Early Origins of the Hennington family
Norfolk where they held a family seat as Lords of the Manor. After the Battle of Hastings in 1066, William, Duke of Normandy, having prevailed over King Harold, granted most of Britain to his many victorious Barons. It was not uncommon to find a Baron, or a Bishop, with 60 or more Lordships scattered throughout the country. These he gave to his sons, nephews and other junior lines of his family and they became known as under-tenants. They adopted the Norman system of surnames which identified the under-tenant with his holdings so as to distinguish him from the senior stem of the family. After many rebellious wars between his Barons, Duke William, commissioned a census of all England to determine in 1086, settling once and for all, who held which land. He called the census the Domesday Book, CITATION[CLOSE]
Williams, Dr Ann. And G.H. Martin, Eds., Domesday Book A Complete Translation. London: Penguin, 1992. Print. (ISBN 0-141-00523-8) indicating that those holders registered would hold the land until the end of time. Hence, conjecturally, the surname is descended from the tenant of the lands of Hevingham, held by Godric, a Norman noble, from Walter Gifford who was recorded in the Domesday Book census of 1086. Godric had a priest who also held 4 acres of the holding for which he promised to sing three masses in any one week.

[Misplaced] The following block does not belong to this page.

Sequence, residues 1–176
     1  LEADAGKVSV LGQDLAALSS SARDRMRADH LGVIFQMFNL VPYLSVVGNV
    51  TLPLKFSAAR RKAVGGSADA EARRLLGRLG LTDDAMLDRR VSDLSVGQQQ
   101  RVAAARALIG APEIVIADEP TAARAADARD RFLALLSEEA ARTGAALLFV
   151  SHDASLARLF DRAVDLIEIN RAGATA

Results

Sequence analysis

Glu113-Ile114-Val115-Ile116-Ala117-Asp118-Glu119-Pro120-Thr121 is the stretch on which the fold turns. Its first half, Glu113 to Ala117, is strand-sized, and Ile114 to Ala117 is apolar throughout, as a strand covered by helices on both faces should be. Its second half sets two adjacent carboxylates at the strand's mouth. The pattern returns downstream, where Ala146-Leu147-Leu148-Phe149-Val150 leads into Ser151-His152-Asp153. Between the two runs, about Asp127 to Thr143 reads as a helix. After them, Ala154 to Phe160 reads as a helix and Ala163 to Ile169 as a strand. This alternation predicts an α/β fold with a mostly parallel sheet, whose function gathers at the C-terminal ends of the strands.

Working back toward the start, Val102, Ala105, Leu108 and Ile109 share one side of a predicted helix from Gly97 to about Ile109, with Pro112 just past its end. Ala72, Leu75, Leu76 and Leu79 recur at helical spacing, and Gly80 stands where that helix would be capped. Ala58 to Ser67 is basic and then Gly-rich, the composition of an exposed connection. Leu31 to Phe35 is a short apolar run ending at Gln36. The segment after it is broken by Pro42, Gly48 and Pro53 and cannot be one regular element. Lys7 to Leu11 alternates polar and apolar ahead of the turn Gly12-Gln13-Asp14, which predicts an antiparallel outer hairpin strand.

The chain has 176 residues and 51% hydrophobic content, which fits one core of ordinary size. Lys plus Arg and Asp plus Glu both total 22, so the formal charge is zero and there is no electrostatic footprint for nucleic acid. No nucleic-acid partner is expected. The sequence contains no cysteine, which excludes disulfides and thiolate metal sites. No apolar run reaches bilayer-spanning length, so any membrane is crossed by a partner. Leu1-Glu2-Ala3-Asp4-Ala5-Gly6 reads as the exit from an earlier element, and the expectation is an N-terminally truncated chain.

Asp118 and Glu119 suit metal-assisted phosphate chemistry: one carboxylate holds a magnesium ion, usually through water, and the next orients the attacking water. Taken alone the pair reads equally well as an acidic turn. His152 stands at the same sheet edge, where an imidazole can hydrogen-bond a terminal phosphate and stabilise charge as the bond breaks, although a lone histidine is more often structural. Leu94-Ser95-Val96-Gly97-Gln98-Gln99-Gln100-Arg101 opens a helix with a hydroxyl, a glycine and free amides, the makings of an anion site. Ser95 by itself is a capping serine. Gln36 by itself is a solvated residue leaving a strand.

Early History of the Hennington family
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Hennington Spelling Variations
hundred years that the English language has been standardized. For that reason, Anglo-Norman surnames like Hennington are characterized by many spelling variations. Scribes and monks in the Middle Ages spelled names they sounded, so it is common to find several variations that refer to a single person. As the English language changed and incorporated elements of other European languages such as Norman French and Latin, even literate people regularly changed the spelling of their names. The variations of the name Hennington include Heveningham, Heningham, Henington, Heningthon, Hemington, Hemmington, Hennington, Henningham, Heningford, Henningford, Hemmingford and many more.
Early Notables of the Hennington family (pre 1700)
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Migration of the Hennington family to the New World and Oceana
Faced with the chaos present in England at that time, many English families looked towards the open frontiers of the New World with its opportunities to escape oppression and starvation. People migrated to North America, as well as Australia and Ireland in droves, paying exorbitant rates for passages in cramped, unsafe ships. Many of the settlers did not make the long passage alive, but those who did see the shores of North America were welcomed with great opportunity. Many of the families that came from England went on to make essential contributions to the emerging nations of Canada and the United States. Some of the first immigrants to cross the Atlantic and come to North America carried the name Hennington, or a variant listed above: John Hemmington, who came to Virginia in 1587; S. Hemmington, who came to San Francisco in 1851; and Hermon Hemington, who arrived in Kansas in 1900.
Contemporary Notables of the name Hennington (post 1700)
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